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Dr. Arthur Bushel, WWII Army dentist and pioneer in fluoridation, dies

By JACQUES KELLY | The Baltimore Sun | Published: December 26, 2020

BALTIMORE (Tribune News Service) — Dr. Arthur Bushel, a retired dentist who taught at the Johns Hopkins Bloomberg School of Public Health and was an expert on fluoridation, died of complications of normal pressure hydrocephalus Nov. 21 at the North Oaks Retirement Community. He was 99.

Born in Brooklyn, New York, he was the son of Dr. Harry Bushel, a dentist, and his wife Bertha. He followed his father and also became a dentist, graduating from the Columbia University School of Dentistry in 1943 and returning after the war to Columbia to earn a master’s degree in public health.

Dr. Bushel was a dental officer during World War II. He observed that Army recruits lacked the most basic dental care and said that 10% of them didn’t meet the requirement to have two opposing teeth.

“He was stationed in Georgia and couldn’t believe how terrible the soldiers’ teeth were,” said his daughter, Faith Friedman. “After the war he decided to go into public health and gave up the idea of a private practice.”

“Art launched one of the first campaigns to prevent cavities by fluoridating the New York City water supply, “said Dr. Ellen J. MacKenzie, dean of the Bloomberg School. “At the School, Art chaired the Department of Health Services Administration from 1969 to 1983, when it was renamed Health Policy and Management,” she said in a statement.

Dr. Bushel oversaw the Bureau of Dental Health in the New York State Health Department in the late 1940s. He began a mobile dental clinic in a trailer that traveled across the state.

His Hopkins biography said he worked with Dr. David Ast on a pioneering fluoride study that compared the health and dental records of residents of two New York towns, showing that the town with fluoridated water had much lower rates of cavities among its children.

The biography also said that while Dr. Bushel was in New York, prior to 1969, he helped establish a scientific evidence base for fluoridation. He also collaborated with New York City health commissioner Leona Baumgartner to modernize the city’s public health programs. As chief of the Bureau of Dental Health from 1955 to 1965, he supervised the city’s 115 free pediatric dental clinics. He rose to become assistant commissioner of health and later first deputy commissioner.

Hopkins colleagues said Dr. Bushel’s two proudest accomplishments in New York were fluoridating the water supply in 1964 and creating the Public Health Research Institute of the City of New York, which operated like a small-scale National Institutes of Health to produce studies on major issues such asbestosis, methadone treatment, and the measles vaccine.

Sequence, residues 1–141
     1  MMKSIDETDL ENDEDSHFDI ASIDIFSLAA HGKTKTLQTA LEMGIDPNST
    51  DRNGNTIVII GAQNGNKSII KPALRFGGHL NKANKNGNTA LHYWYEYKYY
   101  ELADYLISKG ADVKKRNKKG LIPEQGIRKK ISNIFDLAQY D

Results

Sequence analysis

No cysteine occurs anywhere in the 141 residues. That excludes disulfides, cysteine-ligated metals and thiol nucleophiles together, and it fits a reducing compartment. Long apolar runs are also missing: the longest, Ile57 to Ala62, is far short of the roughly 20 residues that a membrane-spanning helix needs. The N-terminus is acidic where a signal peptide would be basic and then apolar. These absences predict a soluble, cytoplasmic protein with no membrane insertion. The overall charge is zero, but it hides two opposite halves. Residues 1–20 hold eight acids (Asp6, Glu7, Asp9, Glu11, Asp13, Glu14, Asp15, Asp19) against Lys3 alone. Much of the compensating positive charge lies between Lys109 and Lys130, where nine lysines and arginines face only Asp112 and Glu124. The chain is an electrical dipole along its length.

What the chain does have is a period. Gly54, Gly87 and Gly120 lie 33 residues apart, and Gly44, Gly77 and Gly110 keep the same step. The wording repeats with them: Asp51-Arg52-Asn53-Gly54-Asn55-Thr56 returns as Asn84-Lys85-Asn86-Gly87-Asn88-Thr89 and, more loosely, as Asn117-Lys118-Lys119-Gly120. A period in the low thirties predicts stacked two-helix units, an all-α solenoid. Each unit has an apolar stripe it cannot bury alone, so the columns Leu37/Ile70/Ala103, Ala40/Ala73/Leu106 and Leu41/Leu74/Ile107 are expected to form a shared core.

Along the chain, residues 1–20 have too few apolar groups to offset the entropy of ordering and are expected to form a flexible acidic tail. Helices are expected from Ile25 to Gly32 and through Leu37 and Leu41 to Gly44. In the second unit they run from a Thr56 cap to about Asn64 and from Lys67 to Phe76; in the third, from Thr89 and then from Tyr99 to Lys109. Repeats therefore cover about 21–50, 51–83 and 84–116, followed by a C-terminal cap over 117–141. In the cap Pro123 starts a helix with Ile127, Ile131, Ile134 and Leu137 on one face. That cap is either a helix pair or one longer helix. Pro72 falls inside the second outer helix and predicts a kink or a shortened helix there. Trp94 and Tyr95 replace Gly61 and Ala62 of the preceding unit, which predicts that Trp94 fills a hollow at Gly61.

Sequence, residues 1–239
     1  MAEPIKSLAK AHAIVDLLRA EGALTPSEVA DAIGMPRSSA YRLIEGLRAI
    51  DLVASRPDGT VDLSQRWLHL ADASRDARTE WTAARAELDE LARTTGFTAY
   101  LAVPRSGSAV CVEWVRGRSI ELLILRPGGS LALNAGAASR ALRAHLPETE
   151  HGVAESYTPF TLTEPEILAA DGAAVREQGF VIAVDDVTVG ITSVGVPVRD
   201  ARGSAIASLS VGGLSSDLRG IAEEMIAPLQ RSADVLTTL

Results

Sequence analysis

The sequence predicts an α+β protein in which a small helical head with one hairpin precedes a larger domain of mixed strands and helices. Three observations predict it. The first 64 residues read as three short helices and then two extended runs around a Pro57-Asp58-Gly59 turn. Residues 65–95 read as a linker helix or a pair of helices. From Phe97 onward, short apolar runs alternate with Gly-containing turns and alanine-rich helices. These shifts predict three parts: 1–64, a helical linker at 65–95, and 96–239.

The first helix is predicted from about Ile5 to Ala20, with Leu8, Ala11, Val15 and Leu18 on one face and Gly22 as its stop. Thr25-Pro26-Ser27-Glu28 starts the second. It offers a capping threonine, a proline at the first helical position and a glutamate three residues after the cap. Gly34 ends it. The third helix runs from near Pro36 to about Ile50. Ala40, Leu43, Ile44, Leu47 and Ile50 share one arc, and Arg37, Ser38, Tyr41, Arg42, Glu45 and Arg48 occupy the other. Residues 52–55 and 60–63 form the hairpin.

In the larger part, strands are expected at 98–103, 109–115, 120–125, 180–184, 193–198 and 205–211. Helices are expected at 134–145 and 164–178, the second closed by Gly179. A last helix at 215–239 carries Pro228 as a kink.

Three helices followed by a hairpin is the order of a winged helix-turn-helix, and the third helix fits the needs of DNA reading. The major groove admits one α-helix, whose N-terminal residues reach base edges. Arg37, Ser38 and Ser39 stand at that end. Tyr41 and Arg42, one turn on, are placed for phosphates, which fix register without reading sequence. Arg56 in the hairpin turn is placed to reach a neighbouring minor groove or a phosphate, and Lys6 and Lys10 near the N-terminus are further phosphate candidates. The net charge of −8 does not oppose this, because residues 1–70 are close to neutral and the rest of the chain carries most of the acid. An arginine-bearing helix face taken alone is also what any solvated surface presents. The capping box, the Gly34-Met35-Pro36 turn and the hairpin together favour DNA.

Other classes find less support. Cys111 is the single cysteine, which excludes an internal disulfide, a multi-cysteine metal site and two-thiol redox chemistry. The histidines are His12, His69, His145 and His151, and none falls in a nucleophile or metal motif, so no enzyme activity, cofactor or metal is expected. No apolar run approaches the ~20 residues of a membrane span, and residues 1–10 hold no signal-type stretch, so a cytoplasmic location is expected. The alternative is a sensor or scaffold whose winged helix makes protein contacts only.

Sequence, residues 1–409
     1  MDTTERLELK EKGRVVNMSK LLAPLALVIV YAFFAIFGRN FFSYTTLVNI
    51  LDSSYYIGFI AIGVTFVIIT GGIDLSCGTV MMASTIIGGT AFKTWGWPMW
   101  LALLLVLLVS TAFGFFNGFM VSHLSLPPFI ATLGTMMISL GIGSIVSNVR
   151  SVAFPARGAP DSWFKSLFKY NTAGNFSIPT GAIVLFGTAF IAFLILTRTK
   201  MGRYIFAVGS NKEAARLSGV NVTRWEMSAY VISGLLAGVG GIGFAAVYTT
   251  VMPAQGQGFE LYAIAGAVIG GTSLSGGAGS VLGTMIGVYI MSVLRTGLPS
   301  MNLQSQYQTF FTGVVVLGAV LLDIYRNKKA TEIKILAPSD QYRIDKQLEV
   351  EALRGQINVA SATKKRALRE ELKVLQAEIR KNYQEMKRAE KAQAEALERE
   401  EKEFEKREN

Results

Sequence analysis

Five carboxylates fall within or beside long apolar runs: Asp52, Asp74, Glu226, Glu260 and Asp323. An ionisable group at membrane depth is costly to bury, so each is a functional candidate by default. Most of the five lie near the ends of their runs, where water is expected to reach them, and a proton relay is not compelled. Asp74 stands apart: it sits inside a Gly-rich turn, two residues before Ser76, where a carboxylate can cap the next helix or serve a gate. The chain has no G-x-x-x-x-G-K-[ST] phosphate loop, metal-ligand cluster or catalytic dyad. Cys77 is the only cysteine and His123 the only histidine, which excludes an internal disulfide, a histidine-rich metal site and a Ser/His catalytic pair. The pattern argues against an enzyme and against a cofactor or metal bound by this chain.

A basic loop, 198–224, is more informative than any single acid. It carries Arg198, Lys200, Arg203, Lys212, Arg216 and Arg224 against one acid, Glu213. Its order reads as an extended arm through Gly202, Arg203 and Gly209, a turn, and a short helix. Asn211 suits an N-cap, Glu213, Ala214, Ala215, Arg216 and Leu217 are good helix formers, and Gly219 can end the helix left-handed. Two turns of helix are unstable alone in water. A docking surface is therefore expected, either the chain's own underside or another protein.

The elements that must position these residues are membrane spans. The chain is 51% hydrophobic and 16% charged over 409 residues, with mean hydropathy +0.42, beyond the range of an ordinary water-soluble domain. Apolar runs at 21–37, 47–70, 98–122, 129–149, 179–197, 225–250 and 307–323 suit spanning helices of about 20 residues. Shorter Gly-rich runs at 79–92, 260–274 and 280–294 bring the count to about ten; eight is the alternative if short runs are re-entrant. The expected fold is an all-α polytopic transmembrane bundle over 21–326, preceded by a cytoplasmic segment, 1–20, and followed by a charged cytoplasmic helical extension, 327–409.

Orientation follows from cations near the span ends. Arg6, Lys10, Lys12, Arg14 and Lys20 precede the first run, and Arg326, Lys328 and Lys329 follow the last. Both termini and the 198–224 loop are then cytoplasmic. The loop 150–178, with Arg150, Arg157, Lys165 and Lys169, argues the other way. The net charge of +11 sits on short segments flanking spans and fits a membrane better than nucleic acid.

Dr. Bushel told an interviewer, “Leona gave me the assignment of selling fluoridation to the city, so I had a big political career.”

“He did not suffer fools gladly but had a lot of compassion for those in need,” his daughter said. “He had a great sense of humor and could be a man of few words. He was fun to be around, and his students loved him. His door was always open. He did not have a big ego and could explain anything in 25 words or less.”

Dr. MacKenzie said, “Art embodied what we strive to teach our students: how to lead with the evidence to develop and then implement programs and policies that will protect the health of millions of people and advance health equity.

“We were fortunate to have had Art at the School to teach the many lessons he learned firsthand on the front lines of public health,” she said.

Dr. Bushel moved to Baltimore in 1969 and joined Johns Hopkins as chair of Health Services Administration.

In the 1970s he directed the Public Health School’s Comprehensive Health Planning Program.

He worked to teach his students how to determine government, health workforce and infrastructure needs. “Using these principles, health ministries and agencies could plan and create policies designed to achieve the best health outcomes for the lowest cost,” a Hopkins statement said.

Dr. Bushel was called a leader in dentistry and public health.

“Art led an effort to convince the American Dental Association to end racially discriminatory membership policies in 1965,” said Dr. MacKenzie.

Dr. Bushel was a past president of the American Board of Dental Public Health and was the 1978 chair of the American Public Health Association Governing Board’s executive committee.

Dr. Bushel loved swimming and spent many summers at Brighton Beach and Far Rockaway in New York. After moving to Baltimore he spent his free time at Bethany Beach, Delaware. He attended Shriver Hall and Baltimore Symphony Orchestra concerts and played classical music on his 1929 Steinway piano.

In addition to his daughter, survivors include a son, Glenn Bushel of Baltimore; another daughter, Betsy Shapiro, also of Baltimore; five grandchildren; and six great-grandchildren. His wife of 70 years, Miriam Rubin, a retired high school English teacher, died in 2018.

Services were private.

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